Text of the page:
Stretch and strengthen with 15-minute workout

Stretching is an important part of any exercise routine, but for the more sedentary, it is also effective in increasing range of motion, enhancing flexibility, and improving circulation.

Dimitrius Glenn, NCSF-CPT certified personal/athletic trainer, has designed a 15-minute stretch that will help you stay nimble while sheltering at home.

The routine combines yoga and Pilates to provide to provide great exercises that not only strengthen the body but also help work out the kinks of sitting for long hours working from home. The exercises are designed help build greater flexibility, isolate muscles and teach participants to be mindful of breathing. Glenn recommends doing the circuit twice for a more beneficial impact.

Sumo Squat Slow Pulse

This exercise strengthens the muscles of the inner thigh, the glutes, quads, hamstrings, hip flexors, and calves while having your hands resting on your hips.

How to: Step your feet out wider than hip-width apart and keep your with feet externally rotated (out) and hands on your hips. Bend the knees until the hips are at or just above the knees. Keep your chest out by squeezing your shoulder blades together, keeping your head and neck neutral. Squat down as close to 90 degrees as possible, hold for 10 full breaths, and pulse up an inch and down an inch slowly 20 times.

Keep knees behind toes on the squat
Shoulders down away from ears
Tailbone points down toward the floor
Keep abs contracted


Single Leg Romanian Deadlift

This exercise works the muscles on the back of your legs and hips—the posterior chain. These muscles, specifically the hamstrings and gluteal muscles, are powerful hip extensors and are deeply involved in all walking, running and jumping activities.

How to: Stand balancing on your right leg and allow your left hand to hang in front of your thigh. Stick your butt out and allow your right knee to bend slightly. Keeping your back flat, continue to bend at the waist until your hand is at about mid-shin height (how far your hand reaches ultimately depends on your hamstring’s flexibility). Drive through your heel and push your hips forward to stand up to the starting position. Slow movements; five repetitions per leg.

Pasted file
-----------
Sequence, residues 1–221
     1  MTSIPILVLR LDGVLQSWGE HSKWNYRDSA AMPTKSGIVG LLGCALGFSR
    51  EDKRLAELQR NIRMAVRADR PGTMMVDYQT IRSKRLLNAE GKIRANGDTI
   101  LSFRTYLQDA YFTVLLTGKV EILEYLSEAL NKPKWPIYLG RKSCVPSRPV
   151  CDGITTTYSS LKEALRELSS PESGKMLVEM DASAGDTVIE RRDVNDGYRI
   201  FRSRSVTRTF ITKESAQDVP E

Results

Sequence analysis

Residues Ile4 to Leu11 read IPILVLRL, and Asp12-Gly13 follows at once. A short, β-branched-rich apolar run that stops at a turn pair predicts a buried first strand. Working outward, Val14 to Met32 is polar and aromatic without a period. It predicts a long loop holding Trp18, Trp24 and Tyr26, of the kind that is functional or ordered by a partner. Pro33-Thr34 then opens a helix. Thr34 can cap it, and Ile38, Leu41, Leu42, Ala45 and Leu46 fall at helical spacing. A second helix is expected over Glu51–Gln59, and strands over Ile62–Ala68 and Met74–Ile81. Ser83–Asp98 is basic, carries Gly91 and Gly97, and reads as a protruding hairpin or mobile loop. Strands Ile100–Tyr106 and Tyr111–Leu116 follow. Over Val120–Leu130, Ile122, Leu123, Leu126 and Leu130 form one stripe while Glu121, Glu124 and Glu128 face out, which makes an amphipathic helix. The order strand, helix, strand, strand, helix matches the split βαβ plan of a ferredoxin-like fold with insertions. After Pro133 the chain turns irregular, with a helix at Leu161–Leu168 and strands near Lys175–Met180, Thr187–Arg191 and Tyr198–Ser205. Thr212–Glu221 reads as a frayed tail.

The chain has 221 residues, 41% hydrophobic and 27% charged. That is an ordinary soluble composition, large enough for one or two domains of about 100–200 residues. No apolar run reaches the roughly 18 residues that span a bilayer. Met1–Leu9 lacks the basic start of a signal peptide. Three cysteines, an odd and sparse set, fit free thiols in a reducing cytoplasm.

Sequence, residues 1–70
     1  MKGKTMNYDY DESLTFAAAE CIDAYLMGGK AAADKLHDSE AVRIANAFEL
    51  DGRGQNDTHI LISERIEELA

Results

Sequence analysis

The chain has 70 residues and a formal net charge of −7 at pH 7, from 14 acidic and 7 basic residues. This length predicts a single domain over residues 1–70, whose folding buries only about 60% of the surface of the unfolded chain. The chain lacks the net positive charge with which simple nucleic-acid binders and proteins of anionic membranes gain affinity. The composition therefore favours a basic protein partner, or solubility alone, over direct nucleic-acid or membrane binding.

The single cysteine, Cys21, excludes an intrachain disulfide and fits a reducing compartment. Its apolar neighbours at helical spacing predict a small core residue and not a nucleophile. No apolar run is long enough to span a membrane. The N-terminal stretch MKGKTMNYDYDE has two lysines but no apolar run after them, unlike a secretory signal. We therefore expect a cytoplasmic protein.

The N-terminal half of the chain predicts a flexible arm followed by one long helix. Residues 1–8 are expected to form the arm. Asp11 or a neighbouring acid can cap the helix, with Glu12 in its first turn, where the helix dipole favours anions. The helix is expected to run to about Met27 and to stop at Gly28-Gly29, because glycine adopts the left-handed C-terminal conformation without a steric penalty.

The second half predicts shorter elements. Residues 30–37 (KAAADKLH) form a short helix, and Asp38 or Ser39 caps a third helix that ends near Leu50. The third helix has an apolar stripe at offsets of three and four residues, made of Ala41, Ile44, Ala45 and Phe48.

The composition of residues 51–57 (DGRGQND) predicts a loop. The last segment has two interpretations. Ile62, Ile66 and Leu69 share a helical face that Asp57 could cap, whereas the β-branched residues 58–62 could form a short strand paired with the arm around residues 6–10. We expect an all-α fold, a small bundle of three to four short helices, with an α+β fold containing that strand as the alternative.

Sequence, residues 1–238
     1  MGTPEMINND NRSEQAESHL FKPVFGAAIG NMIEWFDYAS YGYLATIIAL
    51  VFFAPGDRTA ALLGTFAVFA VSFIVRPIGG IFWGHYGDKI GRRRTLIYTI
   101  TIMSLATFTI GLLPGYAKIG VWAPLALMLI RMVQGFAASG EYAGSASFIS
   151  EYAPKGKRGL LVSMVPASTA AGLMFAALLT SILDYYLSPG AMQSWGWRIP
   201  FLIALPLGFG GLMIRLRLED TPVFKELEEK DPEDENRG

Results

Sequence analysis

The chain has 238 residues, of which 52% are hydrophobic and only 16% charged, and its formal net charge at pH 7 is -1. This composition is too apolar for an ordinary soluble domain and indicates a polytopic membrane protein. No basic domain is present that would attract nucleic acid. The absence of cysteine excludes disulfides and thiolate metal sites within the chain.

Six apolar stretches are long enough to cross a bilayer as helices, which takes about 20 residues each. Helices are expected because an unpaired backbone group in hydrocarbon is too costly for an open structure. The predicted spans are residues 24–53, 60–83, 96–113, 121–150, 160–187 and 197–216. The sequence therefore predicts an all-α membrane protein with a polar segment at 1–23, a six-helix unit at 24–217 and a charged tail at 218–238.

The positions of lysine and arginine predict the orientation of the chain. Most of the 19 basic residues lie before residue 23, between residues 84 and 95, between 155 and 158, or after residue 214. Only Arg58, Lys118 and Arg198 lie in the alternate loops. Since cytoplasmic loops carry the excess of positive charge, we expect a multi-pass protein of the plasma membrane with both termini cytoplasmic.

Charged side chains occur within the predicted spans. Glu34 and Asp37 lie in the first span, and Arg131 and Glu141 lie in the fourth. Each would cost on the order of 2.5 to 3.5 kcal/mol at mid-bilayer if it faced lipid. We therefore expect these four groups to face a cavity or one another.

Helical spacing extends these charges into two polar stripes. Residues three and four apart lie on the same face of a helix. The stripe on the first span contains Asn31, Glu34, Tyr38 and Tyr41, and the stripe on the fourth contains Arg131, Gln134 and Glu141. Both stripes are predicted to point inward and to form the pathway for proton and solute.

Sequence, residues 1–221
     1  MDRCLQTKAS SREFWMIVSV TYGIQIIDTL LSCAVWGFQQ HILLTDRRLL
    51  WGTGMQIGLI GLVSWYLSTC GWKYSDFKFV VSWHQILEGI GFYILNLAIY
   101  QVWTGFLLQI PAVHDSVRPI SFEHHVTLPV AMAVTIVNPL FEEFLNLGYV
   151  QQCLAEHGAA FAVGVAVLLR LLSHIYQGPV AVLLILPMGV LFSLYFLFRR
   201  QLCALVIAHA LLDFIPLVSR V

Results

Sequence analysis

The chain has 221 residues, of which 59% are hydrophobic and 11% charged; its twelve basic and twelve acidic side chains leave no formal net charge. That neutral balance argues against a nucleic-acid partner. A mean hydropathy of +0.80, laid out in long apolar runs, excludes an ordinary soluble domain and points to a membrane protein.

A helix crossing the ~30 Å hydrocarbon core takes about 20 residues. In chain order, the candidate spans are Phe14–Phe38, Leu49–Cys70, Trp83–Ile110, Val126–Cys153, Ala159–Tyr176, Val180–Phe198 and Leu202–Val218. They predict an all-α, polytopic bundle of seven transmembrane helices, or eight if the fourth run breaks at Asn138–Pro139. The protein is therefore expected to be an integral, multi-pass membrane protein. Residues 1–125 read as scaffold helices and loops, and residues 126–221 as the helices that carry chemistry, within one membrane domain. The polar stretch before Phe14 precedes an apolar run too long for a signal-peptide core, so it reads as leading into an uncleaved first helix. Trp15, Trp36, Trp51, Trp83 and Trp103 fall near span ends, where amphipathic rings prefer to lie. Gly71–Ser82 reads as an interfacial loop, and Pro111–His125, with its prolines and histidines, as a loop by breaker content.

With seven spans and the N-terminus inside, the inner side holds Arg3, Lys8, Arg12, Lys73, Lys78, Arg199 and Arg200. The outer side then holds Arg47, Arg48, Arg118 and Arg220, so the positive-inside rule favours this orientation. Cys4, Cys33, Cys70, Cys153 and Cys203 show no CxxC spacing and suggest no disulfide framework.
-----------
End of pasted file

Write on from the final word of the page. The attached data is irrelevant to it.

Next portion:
Focus your eyes on a fixed object about 10 feet in front of you.
Set your neck by giving yourself a double chin.
Flex (squeeze) your glutes when standing to improve balance.
Try not to touch your elevated foot to the ground throughout the entire set.
Take a deep breath in before each rep and tighten your core.
Avoid rounding your back as you lower yourself, especially as your hand gets close to the ground.
Lower your hand down in a straight vertical line.


Downward Dog to High Plank

This exercise opens the back of the legs, especially the hamstrings, lower leg, calves, Achilles and your feet. It elongates the spine allowing lower back tightness release and upper back strengthening, brings awareness to your breathing, strengthens and opens the chest and strengthens the arms.

How to: Begin in a kneeling position on your mat with hands directly under the shoulders, fingers spread wide. Tuck your toes under and engage your abdominals as you push your body up off the mat, so only your hands and feet are on the mat. Press through your hands moving your chest gently toward your thighs, straightening your legs with a soft bend in the knees, pushing glutes toward the ceiling and heels gently toward the floor.

Relax your head and neck and breathe fully. Slowly bring your body back to the high plank position where you started, hands under shoulders body in a straight-line pushup position. Perform eight controlled repetitions.

Keep shoulder over your wrist, hips over your knees
Push hips toward ceiling, gaze eyes toward chest
Straighten arms and bring heels to the ground
Focus on breathing


Four-Point Bird Dog

This exercise strengthens the muscles around the spine like the latissimus dorsi and erector spinae, impacts large muscle groups like the gluteus maximus, hamstrings, the quadratus lumborum or deep abdominal muscles, the rectus abdominis or abdominal muscles, pectoralis major or large chest muscles, and shoulder girdle muscles. It improves posture control and reduces lower back pain.

How to: Get in a tabletop position, keeping your hands directly underneath your shoulders and your knees no wider than your hips. Make sure that your spine is as straight as possible. Exhale and reach your right arm straight out in front of you, at the same time kick your left leg straight back. Be sure to keep your hips and shoulders steady without arching or rounding your back or tilting or rotating your hips. Return your arm and leg to a starting position. Switch sides, reaching your left arm out in front and kicking your right leg back. Return to tabletop to complete one rep. Keep your movements smooth, intentional and steady. Breathe with the movement of your arms and legs: Inhale in tabletop position, exhale as you extend your limbs, and inhale as you return to tabletop. Prioritize balance over speed.

Imagine balancing a glass of water on your back throughout the exercise to make sure your body remains stable and grounded.

Child pose

This exercise is a beginner yoga pose that stretches the muscles of the lower back and the inner thighs. For those with tight back and hip muscles, this will, of course, feel like work. But get beyond the tension and child pose is deeply relaxing.

How to: While on your hand and knees on your matt, move the hips towards the heels and push the hands forward a bit to reach an effective stretch. Let the upper body sink down to the floor, forehead resting on the floor and the chest resting on the thighs. Hold this position for about 15–20 seconds and repeat it several times until you’re relaxed.




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